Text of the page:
And we fixed them.

And . . . swish.

I have good news: I've been on the bubble, writing-wise, for a couple weeks here at the paper. I finally worked up the guts to ask for a column and was told that I might be able to get in on Fridays if there was room.

That has now been cemented into something more final. One of the other columnists dropped out, and I got his/her (I don't know which) slot. I'm going to try and write a weekly column on my other blog, but I'm busy and tired so I may only put up what I write for the paper. In any case, I'm now officially going to be published on a regular basis. Hooray!

In other news, I realllllly can't function on less than six hours' sleep. It's either a sign that I'm maturing or that my wild nights of writing and extended chocolate benders are finally catching up to me. Oh, for the halcyon life of the young! *runs away to blow bubbles*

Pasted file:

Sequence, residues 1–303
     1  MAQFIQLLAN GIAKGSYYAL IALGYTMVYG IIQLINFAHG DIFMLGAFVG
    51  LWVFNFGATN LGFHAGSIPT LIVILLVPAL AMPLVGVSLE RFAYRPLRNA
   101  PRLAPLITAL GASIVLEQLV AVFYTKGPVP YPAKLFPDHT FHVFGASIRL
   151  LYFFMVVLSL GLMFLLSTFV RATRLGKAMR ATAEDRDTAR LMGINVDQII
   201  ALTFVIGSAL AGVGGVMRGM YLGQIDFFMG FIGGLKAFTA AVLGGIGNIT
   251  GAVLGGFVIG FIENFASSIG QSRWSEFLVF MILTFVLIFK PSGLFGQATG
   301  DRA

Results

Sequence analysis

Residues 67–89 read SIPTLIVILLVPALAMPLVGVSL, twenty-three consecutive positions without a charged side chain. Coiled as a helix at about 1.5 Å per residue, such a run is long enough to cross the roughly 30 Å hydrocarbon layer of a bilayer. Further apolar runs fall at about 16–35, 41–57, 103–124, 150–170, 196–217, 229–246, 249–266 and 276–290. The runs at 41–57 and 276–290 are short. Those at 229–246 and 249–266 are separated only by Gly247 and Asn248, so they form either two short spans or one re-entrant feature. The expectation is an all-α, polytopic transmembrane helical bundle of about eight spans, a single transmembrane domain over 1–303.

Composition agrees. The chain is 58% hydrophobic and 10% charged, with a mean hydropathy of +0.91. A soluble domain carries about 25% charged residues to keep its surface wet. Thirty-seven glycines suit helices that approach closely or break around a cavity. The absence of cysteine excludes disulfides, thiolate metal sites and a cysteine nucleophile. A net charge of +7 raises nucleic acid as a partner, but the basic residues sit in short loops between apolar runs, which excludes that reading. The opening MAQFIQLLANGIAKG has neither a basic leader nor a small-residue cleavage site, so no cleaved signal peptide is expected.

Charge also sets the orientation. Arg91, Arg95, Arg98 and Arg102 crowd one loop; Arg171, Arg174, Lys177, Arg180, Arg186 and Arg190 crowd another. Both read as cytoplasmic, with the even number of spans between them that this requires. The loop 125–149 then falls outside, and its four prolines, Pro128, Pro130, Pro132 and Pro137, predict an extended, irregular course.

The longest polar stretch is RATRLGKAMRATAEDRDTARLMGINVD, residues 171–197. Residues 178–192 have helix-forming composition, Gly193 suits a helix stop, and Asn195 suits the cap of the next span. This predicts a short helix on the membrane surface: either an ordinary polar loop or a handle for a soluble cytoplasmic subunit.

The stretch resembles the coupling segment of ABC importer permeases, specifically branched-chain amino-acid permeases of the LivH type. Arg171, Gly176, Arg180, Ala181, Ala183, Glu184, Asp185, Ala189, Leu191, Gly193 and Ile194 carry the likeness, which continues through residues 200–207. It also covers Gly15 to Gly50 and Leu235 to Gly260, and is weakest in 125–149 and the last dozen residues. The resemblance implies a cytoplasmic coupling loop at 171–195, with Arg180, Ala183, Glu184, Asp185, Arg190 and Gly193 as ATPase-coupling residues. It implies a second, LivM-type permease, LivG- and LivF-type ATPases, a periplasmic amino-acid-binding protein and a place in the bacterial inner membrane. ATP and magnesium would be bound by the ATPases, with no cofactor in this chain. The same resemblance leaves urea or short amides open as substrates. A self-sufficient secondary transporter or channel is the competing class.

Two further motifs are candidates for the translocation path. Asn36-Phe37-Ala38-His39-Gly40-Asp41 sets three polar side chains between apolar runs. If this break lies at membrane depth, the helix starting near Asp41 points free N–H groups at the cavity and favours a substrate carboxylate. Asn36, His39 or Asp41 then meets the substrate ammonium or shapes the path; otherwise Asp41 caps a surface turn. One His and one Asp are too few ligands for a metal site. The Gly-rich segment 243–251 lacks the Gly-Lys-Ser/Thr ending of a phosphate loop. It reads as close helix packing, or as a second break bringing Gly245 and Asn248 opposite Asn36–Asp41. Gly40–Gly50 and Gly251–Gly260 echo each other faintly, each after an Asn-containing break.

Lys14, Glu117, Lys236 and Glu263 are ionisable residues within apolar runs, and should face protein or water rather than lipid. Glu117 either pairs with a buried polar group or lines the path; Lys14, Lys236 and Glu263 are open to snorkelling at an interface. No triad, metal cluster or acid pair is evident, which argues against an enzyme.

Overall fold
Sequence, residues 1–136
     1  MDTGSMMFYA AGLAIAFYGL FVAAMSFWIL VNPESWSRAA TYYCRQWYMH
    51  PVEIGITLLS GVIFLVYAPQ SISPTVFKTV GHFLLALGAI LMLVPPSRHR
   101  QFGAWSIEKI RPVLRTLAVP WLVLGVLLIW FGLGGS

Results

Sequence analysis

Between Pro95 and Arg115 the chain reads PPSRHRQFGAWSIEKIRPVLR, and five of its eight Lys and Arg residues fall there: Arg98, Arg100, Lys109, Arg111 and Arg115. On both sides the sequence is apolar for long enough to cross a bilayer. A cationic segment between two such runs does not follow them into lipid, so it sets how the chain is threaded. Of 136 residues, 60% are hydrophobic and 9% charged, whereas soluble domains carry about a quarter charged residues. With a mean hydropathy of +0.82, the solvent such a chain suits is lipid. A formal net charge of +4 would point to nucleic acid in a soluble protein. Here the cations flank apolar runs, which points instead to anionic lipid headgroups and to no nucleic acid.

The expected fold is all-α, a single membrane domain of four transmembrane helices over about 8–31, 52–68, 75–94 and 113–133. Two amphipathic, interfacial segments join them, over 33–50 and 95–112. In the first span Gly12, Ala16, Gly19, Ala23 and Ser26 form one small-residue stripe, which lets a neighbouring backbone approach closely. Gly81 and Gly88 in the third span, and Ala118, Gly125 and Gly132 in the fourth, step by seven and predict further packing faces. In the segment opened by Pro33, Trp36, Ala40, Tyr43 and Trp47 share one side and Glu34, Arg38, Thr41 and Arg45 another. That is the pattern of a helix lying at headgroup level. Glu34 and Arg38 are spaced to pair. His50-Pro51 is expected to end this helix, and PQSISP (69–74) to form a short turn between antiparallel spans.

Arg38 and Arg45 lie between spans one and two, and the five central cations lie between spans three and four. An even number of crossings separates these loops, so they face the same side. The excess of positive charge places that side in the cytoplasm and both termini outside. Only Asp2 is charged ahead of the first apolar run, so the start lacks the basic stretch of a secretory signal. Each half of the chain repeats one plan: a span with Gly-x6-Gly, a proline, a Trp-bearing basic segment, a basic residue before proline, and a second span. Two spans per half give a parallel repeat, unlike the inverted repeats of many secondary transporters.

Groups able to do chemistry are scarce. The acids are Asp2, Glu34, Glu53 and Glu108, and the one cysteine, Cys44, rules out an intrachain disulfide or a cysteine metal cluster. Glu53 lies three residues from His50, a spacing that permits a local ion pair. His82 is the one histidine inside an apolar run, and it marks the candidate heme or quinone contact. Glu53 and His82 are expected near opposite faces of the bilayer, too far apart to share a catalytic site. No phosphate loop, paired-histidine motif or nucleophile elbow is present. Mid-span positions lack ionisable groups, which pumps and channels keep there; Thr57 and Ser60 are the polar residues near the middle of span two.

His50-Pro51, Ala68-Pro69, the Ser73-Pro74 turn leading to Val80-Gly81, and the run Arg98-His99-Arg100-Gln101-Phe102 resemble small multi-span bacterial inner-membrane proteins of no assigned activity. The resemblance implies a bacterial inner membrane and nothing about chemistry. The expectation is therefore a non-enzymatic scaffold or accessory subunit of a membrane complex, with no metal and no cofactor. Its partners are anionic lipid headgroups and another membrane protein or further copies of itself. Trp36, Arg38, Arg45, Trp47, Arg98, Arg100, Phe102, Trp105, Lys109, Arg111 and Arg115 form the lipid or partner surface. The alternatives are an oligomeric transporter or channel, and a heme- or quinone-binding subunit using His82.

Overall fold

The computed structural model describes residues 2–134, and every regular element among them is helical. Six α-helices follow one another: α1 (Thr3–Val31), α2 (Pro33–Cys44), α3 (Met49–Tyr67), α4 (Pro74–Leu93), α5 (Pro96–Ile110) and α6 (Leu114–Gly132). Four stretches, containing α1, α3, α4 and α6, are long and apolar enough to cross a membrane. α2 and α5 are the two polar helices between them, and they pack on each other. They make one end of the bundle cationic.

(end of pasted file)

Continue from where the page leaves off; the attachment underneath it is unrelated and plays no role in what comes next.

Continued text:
Monday, October 09, 2006

The Third Option (preview)

Via RightWingNews:

There's an extended post up at a left-leaning blog that purports to answer abortion critics. While I strongly condemn the hate mail she's received, I think her reaction to it is the most telling thing. I quote (edited for language):

"I resent this fetus. I resent the f*ck out of the fact that something which is 1/16 of an inch long and which looks amazingly like a reptile trumps the life of a woman and her three children. I resent that this glob of cells which is smaller than a wad of snot is clearly valued more than the life of a 34 year old woman who is trying like hell to support her existing kids."
I could go on for pages about the disturbing ignorance of potential expressed in this paragraph. I could rant for hours about the blog's tagline ("Gnawing away at sexism and misogyny, one patriarchal asshole at a time!"). I could write a 10,000 word response to this woman's post, and I'd just be getting started. I'm going to save that for my Friday column, though, and instead I'll close this post with a simple message to this poor woman. Consider this a preview of the longer work: